• Freedom to run

    There is a story my grandfather, Steve Rotschild, told me many times when I was young. It has shaped the way I see humanity.
    In 1941, a seven-year-old white-blonde little boy named Zorach Galerkin takes a walk across the city of Vilnus, Poland. He is going to see his mother who works in a warehouse. The workers shine items taken from Jewish homes and prepare them to send off. Westward. Somewhere.
    The boy is pretending to be the cousin of a Russian Catholic family who live outside of the city. All they have to eat is cabbage and potatoes and sometimes a slice of black bread. He is well fed but has not had anything sweet since before the war, and he was much younger then.
    On the way to his mother's warehouse, he passes the ominous building: the Nazi base. Draped down one wall is a banner with a swastika on it. It scares him to pass this building so he crosses the street. He is afraid he might be spotted as a Jew and executed. He should be living in the ghetto, not wandering outside the fence.
    As he stands, staring, a troop of soldiers stops in front of the building. The last soldier in the row glances at him, motions him over. The boy is terrified. The soldier sets down his pack and his rifle. Surely, he was recognized and he will be shot. He considers running but thinks better of it – you cannot run from the Nazis. They are everywhere.
    He slowly approaches the soldier. The man reaches into his pack and says something softly, in German. Then he pulls out a large cookie. The cookie is beautiful, covered in coloured sugar and with a hole in the centre. He hands it to the child, pats his head and turns to go into the building.
    My grandfather's recollection of this encounter was recorded permanently, twice. The first time was in 1996, during a taped interview. That was for a library of accounts of holocaust survivors, produced by Steven Spielberg for the Holocaust Museum in Washington, DC. The second time was when he wrote his memoir, Walking, Running, Hiding, inspired during long walks he took to keep healthy after he was diagnosed with heart disease.
    Rotschild discusses the title of his book. "In my memoir I talk about the importance for me as a child to feel some freedom to run, to walk which became very restricted under the conditions of Jewish people in the ghettos and camps. So when I was liberated I just wanted to run and enjoy the outdoors."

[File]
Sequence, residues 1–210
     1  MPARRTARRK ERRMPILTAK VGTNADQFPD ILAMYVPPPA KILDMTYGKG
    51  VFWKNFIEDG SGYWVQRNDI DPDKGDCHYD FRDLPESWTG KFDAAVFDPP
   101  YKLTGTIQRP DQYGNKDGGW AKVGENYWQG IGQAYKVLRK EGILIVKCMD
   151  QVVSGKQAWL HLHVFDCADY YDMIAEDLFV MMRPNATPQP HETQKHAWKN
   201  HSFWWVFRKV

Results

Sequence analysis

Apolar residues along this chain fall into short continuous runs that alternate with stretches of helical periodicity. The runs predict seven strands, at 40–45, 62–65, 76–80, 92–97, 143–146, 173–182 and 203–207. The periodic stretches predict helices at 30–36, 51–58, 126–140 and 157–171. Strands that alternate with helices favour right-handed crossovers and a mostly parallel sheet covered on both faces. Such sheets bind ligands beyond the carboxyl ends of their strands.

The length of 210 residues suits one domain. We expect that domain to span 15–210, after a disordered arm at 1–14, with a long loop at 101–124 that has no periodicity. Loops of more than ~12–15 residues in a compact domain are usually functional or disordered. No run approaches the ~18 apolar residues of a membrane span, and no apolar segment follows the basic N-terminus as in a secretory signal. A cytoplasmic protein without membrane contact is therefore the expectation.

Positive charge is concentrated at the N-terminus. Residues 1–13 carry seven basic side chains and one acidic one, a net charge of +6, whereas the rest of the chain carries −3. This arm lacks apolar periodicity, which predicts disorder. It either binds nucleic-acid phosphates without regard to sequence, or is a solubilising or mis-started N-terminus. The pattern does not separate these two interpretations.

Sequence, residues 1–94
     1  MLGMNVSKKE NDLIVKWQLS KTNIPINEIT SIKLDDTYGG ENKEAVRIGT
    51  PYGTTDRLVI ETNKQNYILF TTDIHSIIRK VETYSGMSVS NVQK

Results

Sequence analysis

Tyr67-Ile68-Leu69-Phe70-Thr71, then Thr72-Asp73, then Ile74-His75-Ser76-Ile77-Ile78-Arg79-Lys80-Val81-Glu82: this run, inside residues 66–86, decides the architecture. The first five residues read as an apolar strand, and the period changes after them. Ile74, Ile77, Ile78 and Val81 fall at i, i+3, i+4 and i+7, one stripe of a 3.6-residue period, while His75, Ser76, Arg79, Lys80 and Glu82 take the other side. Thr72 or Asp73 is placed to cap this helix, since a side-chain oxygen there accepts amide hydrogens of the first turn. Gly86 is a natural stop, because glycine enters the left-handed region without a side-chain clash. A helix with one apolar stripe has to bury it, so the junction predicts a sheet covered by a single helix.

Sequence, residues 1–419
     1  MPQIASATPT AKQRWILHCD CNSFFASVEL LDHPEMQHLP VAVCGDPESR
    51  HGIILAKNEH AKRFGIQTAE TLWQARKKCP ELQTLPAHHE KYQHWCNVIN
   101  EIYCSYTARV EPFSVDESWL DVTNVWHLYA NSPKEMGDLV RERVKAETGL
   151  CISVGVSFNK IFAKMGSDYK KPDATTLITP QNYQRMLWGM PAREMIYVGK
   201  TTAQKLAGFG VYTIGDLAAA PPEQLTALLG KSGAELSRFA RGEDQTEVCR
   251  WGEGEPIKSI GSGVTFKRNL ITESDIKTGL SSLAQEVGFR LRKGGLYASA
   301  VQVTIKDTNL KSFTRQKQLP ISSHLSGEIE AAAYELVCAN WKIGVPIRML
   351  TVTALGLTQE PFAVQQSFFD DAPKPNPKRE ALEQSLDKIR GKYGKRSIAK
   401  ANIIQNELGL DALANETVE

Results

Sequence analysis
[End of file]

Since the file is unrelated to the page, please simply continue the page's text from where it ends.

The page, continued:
Today, for Rotschild, walking is an exhausting ordeal. It requires support and supervision. Writing is impossible. When he was 76 years old, he had a stroke.
    Every morning Rotschild goes through a strenuous exercise routine, stimulating the muscles and joints on the left side of his body, willing himself to move, to walk. That is the most important thing. "My number one priority, I always told (the therapists) when they asked me, was to be able to walk again."
    Rotschild's wife, Lillian, has been helping him recover. "She is with me constantly," he explains. "She was with me from the first day I had the stroke, went through with me - through all the appointments, with the therapists, learnt everything to know about my condition, was helpful to me. Even in the hospital, every day she came... she was great help. She still is."
    With the end of the war came freedom. It did not come easily. Six days after the Russians liberated Poland Rotschild's six-year-old brother, Emmanuel was playing in the street with some neighbours when a military truck came around a bend and struck the boy, killing him. Emmanuel lived six days of freedom.
    "When I heard that (my brother was killed) I got so upset, scared really, I couldn't stand sitting in the chair doing homework. I closed everything, I ran, I hid behind the bed. And just cried. It just occurred to me. That danger; you have to hide. That was one of the instincts of people in the ghettos, in the camps: danger, you have to hide. It was the only thing to do.
    "When I came home to my mother's place, she was in the bed, holding the dead body of my brother and crying. Throughout my life this memory brings me a great deal of sadness."
    Since the war, Rotschild has indeed been free. He moved to Canada in 1951. That is where he met Lillian. Together they started a business and had two healthy children.
    His appreciation of the outdoors took form in a cottage he purchased in 1987. That cottage became his sanctuary, where he went to fish and hunt and feel as free as a man can feel.
    In 2009 Rotschild sold the cottage to his friend and neighbour, Larry Johnson. He could no longer negotiate the hilly descent to the lake, he could no longer get in his rowboat, he could no longer tie a fly and cast it out into the peaceful water. He was no longer able to appreciate the freedom he sought.
    "I feel, not less free, I feel useless. I cannot do things I would like to do," Rotschild clarifies. "I feel sad that I'm not the same man that I was - I cannot enjoy the freedom that I have."